One of fantasy football's most reliable tight ends, Witten set the all-time, single-season record for receptions (110) by a player at his position in 2012 -- and he did it after returning from spleen surgery. He has been a model of fantasy consistency, finishing with at least 94 receptions and 1,000 yards in three of the last four seasons. Witten has also ranked outside of the top six in scoring for tight ends only once in that time. Even with Dez Bryant going crazy over the last several games, Witten still posted solid numbers as one of Tony Romo's most trusted options. The trouble with Witten, however, is his lack of touchdowns -- he has scored five or more times just once in the last five years. Still, he's a No. 1 fantasy option in all formats and has added value in PPR leagues. Look for Witten in the middle rounds.

Davis had another down year in terms of fantasy production, as he posted the lowest reception, yardage and touchdown totals of the last four seasons. Despite the fact that he scored double-digit fantasy points in four of the first five games, Davis reached that mark just once more during the remaining 11 games and was even dropped to the waiver wire in some smaller leagues due to his consistent lack of statistical success. He did re-emerge in the playoffs by posting back-to-back 100-yard games in the conference championship round and Super Bowl, and the loss of Michael Crabtree should mean more targets in the pass attack. Davis will continue to be ranked as a No. 1 tight end in fantasy land, but there might not be a bigger risk-reward player at the position. He'll have his name called in the middle to late rounds.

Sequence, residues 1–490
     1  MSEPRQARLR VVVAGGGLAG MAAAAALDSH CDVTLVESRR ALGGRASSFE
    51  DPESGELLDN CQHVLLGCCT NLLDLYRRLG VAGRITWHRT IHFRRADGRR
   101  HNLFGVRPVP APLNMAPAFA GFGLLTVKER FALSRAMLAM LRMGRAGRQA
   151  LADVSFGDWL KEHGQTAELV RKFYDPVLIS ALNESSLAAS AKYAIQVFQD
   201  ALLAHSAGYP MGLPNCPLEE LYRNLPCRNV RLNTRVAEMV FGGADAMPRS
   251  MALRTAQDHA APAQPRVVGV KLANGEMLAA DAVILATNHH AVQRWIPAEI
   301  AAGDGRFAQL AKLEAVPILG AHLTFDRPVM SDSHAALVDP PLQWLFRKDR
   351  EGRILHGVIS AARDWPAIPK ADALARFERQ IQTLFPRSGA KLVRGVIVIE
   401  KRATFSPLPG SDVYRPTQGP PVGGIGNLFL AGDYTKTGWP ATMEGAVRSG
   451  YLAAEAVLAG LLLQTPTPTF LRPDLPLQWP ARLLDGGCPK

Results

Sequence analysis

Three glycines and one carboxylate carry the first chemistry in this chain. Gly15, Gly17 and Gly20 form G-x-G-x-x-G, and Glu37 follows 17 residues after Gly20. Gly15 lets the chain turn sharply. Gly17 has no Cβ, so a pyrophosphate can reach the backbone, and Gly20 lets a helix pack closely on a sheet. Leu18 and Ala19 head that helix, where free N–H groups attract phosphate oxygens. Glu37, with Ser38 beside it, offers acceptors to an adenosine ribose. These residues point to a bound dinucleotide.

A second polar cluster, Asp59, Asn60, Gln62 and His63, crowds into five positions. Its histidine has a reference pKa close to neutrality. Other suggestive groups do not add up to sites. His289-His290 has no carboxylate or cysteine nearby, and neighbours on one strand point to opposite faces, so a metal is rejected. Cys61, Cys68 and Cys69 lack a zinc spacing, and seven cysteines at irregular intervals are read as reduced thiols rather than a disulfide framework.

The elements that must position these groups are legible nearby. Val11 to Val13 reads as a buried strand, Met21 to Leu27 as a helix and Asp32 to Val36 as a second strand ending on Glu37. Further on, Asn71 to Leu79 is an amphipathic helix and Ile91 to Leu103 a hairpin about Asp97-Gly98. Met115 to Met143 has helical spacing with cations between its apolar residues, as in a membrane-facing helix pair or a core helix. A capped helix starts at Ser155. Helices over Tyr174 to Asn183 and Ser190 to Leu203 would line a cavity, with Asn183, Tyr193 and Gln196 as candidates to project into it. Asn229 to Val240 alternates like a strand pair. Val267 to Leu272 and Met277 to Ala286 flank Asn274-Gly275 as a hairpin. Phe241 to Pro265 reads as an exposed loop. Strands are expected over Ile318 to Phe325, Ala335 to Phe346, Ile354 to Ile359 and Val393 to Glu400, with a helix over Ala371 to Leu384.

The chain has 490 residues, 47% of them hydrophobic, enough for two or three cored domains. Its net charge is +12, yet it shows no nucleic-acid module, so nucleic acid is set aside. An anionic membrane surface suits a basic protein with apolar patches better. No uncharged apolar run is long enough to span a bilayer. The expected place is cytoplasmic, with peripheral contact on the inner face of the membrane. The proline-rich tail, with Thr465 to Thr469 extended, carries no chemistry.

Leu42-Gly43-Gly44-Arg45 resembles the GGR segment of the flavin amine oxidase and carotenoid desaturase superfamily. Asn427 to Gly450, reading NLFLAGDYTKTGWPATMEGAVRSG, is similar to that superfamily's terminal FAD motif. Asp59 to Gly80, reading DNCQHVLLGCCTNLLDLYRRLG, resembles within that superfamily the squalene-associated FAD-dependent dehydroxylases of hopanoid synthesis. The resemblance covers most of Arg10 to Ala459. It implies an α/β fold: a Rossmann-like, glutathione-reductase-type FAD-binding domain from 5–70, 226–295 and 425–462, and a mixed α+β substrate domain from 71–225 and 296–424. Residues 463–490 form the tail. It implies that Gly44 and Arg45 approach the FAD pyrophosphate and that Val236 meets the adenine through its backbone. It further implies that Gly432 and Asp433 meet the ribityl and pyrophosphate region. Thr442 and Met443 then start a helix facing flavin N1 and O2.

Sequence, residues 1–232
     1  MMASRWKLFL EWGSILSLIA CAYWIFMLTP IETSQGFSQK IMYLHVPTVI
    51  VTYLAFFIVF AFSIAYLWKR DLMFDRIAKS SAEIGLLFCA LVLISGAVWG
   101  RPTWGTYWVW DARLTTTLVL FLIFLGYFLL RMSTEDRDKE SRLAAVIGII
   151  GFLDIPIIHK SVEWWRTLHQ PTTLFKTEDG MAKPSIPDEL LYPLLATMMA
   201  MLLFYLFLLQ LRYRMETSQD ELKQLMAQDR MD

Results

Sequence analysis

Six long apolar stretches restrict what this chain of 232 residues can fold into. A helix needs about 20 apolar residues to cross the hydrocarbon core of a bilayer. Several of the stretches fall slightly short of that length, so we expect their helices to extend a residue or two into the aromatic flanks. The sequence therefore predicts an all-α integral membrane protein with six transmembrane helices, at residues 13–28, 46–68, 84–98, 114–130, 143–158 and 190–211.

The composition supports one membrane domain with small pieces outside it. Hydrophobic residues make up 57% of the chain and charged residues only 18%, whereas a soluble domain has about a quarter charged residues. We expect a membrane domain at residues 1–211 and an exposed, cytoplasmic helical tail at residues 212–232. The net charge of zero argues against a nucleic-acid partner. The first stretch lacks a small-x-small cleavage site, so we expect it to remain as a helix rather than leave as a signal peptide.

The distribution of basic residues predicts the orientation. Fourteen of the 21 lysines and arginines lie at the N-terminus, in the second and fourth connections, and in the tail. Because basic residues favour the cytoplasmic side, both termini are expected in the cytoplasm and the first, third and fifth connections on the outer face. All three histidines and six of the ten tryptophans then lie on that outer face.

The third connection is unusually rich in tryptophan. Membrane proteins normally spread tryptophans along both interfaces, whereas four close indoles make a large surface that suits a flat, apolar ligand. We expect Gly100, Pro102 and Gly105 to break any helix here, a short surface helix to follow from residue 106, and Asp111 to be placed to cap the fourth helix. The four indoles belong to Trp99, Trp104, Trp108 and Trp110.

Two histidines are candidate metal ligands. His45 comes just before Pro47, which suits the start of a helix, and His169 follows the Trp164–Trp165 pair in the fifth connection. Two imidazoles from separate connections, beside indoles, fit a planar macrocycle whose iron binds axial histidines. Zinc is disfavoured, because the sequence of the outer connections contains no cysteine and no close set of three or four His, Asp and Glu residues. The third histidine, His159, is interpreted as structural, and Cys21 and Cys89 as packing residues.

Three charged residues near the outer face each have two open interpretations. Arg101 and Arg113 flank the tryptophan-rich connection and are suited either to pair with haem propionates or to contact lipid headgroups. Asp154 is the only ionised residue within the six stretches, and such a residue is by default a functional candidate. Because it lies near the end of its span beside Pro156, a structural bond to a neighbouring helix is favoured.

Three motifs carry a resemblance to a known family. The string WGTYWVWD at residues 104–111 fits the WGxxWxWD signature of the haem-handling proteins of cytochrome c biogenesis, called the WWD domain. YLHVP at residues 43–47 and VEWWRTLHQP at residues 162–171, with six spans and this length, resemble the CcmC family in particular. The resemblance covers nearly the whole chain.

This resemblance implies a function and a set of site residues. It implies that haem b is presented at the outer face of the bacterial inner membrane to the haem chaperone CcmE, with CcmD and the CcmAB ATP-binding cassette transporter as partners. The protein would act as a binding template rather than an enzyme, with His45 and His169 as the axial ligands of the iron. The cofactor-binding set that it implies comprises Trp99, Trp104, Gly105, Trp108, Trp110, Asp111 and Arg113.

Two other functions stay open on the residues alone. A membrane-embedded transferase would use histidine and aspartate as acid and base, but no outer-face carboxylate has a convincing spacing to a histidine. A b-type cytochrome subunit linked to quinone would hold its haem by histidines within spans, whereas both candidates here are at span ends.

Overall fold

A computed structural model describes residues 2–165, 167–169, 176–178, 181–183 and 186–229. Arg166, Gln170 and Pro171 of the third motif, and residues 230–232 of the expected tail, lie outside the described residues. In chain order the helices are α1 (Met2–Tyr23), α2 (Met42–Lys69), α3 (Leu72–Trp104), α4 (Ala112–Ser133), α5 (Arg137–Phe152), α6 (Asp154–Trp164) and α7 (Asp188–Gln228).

Olsen blossomed in his second year in Carolina with Cam Newton under center, posting career highs in receptions and yards while also grabbing five touchdowns -- those totals were good enough for him to finish sixth in fantasy points at his position. Olsen, who has had at least five touchdown catches in five of his six years at the NFL level, also played in a career-high 97.8 percent of the Panthers' offensive snaps in 2012. While he should continue to be a popular option for Newton in the pass attack this season, statistical expectations should be tempered for Olsen as he's likely reached his ceiling. Look for his role in the offense to remain the same even with the promotion of Mike Shula to offensive coordinator, so another campaign with top 10-12 fantasy production can be expected. He's worth a middle- to late-rounder.